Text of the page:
05/14/15 9:00am
05/14/2015 9:00 AM |

Good Kill

Good Kill
Directed by Andrew Niccol
Opens May 15

Andrew Niccol’s haunting Good Kill, set in 2010 during the steep escalation in US drone strikes, argues that remotely piloted vehicles make war too easy to wage. Ethan Hawke’s laconically smoldering Tom Egan, an Air Force major, has weathered six combat tours as an F-16 pilot and yearns to get back into the cockpit. “I miss the fear,” he says. Now he sits in a windowless metal container outside Las Vegas glued to a computer screen, wasting suspected jihadists from thousands of miles away with the squeeze of a joystick. He risks only carpal tunnel. The agonizing absence of valor in his toil taxes his marriage and sobriety. He seeks validation in self-destructive insubordination.

The film has the trappings of a conventional service drama. Egan and his wife—a suitably subdued January Jones—live with their children in modular base housing, defying regimented monotony with muscle cars, barbecues, and booze, maintaining Tom Wolfe’s vaunted “even strain.” But if astronauts transcended “spam in a can” ignominy and matched test pilots in daring patriotic glory, comfy drone operators will never have the right stuff. Fair enough, but the script is overly freighted. While the CIA may deserve its infamy, its rules of engagement probably aren’t as egregious as depicted. As Egan’s commanding officer, Bruce Greenwood, a fine character actor, is saddled with salty, cliché-ridden exposition meant to drive home drone operators’ indispensability for killing terrorists before they kill Americans. Actual operators are undoubtedly torn, but likely don’t debate ethics as deeply or piquantly as they do here. The women are essentially props. Still, Good Kill’s workmanlike quality affords it demonstrative credibility. From the American side, drone warfare itself is that way—safe, banal, quotidian, self-perpetuating. It is also insidiously perverse. In time the only thing Egan can do competently and calmly is the very task he hates most: executing drone strikes.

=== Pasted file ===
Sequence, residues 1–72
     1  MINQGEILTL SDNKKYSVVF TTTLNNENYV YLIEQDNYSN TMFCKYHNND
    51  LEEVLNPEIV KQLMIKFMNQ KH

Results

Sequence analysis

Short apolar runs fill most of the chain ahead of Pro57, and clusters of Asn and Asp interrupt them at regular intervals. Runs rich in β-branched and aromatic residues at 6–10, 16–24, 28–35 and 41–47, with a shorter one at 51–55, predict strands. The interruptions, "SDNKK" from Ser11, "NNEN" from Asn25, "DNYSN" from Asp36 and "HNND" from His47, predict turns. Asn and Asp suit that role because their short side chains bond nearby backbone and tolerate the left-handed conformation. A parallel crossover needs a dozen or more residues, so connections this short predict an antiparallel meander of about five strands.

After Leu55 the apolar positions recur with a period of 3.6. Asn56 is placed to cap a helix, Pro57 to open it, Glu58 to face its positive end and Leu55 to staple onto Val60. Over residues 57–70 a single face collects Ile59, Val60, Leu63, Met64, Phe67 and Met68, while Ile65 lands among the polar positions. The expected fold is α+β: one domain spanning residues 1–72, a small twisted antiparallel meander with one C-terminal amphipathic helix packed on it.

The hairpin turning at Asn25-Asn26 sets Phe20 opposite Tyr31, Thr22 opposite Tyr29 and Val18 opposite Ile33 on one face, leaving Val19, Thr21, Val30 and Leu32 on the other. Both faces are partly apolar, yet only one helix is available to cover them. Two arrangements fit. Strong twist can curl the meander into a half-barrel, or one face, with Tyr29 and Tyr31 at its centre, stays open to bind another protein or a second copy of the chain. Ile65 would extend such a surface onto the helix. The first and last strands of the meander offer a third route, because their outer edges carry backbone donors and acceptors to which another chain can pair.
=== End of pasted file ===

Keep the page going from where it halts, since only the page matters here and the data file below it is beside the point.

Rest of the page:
Civilian deaths (“collateral damage”) seem singularly callous when visited from thousands of miles away. They have hurt America’s image. Beyond that, drone strikes infuriate locals and effectively recruit terrorists. But they also arguably reduce civilian casualties overall and are cheaper than more gallant traditional warfare, and they have allowed the United States to back out of Afghanistan and tamp down terrorist threats in Pakistan, Iraq, Yemen, and Somalia. Egan himself sees them as ubiquitous and irrepressible, customizing his lawn so the operators he imagines monitoring his neighborhood can distinguish his house. These considerations justify Good Kill’s tone of weary resignation. Yet the film’s timing as protest is also propitious. On June 1, prompted by outrage among veterans and soldiers over the brief establishment in 2013 of a Distinguished Warfare Medal for drone operators that ranked above the Bronze Star with a “V” and the Purple Heart, the Pentagon is due to release a study on what military decorations drone pilots should be eligible to receive. Traditionalists like Maj. Egan hope it will restore valor’s pride of place in military culture. If so, the motivation to make war with mortal impunity may at least diminish.